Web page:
Donna Miller was heading to nursing school in August 2018, when she was pulled over by Murray Police Officer Jarom Allred for driving an uninsured car, according to a federal lawsuit Miller filed Monday.
Miller said she gave Allred her insurance card and he then accused her of driving under the influence of alcohol. She took a breathalyzer test which came back negative, she added.
“He then came back to me, handcuffed me, put me in the car and took me down to the station,” she said. “But while we were driving in the car … he was being very like, ‘If I was you, I would do blah, blah, blah,’ trying to, make me mad. And I caught on to that despite that I was nervous and ashamed then and all this. I caught on to what he was trying to do. So I kept quiet after that.”
The lawsuit alleges that Allred and Murray City violated Miller’s constitutional rights to equal protection under the 14th Amendment. It says the stop was racially motivated, because of a voice recording attorneys obtained where Allred “openly expressed racist stereotypes long associated with black folks … that they habitually or recreationally use marijuana” despite the fact that there was no evidence that Miller had been using the drug. The lawsuit argues that there was no probable cause to arrest her.
Murray City, however, refutes the lawsuit’s allegations. It said in a statement that the police department has reviewed the incident and found that “the officer’s actions were consistent with policy, objectively reasonable, and supported by the law.”
“The evidence gathered shows Ms. Miller was not targeted for her race but was stopped and cited for driving under the influence based on her driving pattern, statements to the officer, and poor performance on field sobriety tests,” the city said in a statement.
Allred did not return a request for comment Monday evening.
Once back at the station, armed officers took Miller into a dark room to measure the size of her pupils and interrogated her about alleged use of marijuana, according to the lawsuit.
“I got more panicked because here I am in a dark room with two white officers with guns and the Sandra Bland stuff had just happened,” Miller said, referring to a black woman who was found hanging in a jail cell in Texas in 2015 after being taken into custody following a traffic stop. Bland’s death was ruled a suicide. “So all I wanted to do was be able to get home to see my family, or to hear my children's voice.”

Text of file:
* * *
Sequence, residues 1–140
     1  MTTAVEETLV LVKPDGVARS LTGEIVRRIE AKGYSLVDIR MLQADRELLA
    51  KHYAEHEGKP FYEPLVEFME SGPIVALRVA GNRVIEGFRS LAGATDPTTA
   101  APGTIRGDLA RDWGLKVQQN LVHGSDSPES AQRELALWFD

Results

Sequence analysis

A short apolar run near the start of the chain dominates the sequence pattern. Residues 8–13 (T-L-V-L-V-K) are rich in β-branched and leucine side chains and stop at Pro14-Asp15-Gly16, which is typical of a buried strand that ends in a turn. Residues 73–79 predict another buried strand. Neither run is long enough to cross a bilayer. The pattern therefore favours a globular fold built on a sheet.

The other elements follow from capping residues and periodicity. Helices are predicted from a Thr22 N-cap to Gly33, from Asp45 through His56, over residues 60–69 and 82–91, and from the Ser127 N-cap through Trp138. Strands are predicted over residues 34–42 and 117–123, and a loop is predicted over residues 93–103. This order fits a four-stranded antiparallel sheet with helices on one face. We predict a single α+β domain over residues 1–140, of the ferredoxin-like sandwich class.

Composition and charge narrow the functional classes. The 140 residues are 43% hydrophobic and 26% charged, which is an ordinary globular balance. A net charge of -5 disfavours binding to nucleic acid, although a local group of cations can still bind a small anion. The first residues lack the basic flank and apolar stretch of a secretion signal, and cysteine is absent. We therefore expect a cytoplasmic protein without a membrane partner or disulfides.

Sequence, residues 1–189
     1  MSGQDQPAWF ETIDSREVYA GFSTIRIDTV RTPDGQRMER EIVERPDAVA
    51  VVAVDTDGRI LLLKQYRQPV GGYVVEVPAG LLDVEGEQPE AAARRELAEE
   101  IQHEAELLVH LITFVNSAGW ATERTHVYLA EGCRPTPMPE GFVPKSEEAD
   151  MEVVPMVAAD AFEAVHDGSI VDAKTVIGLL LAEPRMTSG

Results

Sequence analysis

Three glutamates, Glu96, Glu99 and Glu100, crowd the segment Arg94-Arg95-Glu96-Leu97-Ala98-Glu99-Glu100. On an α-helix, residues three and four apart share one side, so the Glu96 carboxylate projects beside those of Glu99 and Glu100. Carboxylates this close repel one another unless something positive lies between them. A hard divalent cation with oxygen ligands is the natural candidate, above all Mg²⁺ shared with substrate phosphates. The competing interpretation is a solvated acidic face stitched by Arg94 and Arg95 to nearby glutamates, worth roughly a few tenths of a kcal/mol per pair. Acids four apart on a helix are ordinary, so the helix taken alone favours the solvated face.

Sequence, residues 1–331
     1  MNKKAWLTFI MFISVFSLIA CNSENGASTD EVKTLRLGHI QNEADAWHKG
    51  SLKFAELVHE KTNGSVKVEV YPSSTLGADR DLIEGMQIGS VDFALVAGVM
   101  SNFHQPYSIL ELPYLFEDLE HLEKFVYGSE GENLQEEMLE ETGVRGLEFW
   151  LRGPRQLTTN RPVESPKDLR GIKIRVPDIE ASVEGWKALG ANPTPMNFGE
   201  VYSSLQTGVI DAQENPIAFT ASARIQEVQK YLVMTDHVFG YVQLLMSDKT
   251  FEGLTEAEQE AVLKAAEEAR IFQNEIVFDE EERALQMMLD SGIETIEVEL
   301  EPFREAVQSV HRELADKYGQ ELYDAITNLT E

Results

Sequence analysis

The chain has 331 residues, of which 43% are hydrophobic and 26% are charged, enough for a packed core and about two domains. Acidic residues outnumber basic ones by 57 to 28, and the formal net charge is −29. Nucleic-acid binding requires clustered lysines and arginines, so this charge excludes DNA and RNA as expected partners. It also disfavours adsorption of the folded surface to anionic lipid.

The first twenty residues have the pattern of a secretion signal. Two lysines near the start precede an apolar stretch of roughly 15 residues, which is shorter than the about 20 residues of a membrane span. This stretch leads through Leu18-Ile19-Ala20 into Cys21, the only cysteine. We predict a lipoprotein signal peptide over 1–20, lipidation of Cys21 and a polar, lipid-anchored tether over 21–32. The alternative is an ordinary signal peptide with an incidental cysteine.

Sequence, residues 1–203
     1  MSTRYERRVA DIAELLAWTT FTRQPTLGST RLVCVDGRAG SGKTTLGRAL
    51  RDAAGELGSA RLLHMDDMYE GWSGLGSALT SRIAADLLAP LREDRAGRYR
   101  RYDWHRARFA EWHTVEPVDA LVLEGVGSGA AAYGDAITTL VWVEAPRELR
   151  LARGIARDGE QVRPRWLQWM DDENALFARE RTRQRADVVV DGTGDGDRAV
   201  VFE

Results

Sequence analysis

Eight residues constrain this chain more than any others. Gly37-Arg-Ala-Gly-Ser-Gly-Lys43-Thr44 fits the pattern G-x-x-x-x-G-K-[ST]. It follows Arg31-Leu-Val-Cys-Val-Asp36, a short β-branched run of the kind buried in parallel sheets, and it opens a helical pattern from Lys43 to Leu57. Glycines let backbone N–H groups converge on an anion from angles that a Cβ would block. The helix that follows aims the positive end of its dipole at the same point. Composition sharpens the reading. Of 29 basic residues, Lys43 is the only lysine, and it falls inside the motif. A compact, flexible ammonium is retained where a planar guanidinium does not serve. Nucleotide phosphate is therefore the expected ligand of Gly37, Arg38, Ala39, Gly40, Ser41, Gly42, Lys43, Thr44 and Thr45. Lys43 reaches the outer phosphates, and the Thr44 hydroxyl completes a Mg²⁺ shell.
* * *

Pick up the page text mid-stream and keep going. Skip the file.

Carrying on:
Officers took Miller’s blood and tested it for the presence of eight different drugs, and all the tests came back negative, according to the lawsuit and an attorney for the city.
Miller was then charged with a DUI, but the charges were eventually dropped, for “evidentiary reasons,” according to court documents. Miller said she was able to borrow around $800 to release her car from an impound lot and her license was suspended for several months.
“I was humiliated,” Miller said. “I was scared ... From 2018 to now, I am so afraid I can't hear sirens, I couldn't go to the protests because I was afraid of cops.”
It also alleges that the incident shows that Murray City doesn’t properly train officers, and should not have submitted the charges to city prosecutors due to a lack of evidence.
“On information and belief, Officer Allred’s failure to articulate reasonable suspicion or show probably cause to arrest, prosecute and deprive Ms. Miller of her Constitutional rights is part of a custom of policy within MCPD to target black citizens with unsubstantiated claims of drug use,” the lawsuit said.
The City said in a statement that it “takes seriously any allegations like those made by Ms. Miller and stands firm that her allegations are not true.” The city intends to challenge the lawsuit in court.
Read the entire lawsuit here:
Sonja Hutson covers politics for KUER. Follow her on Twitter @SonjaHutson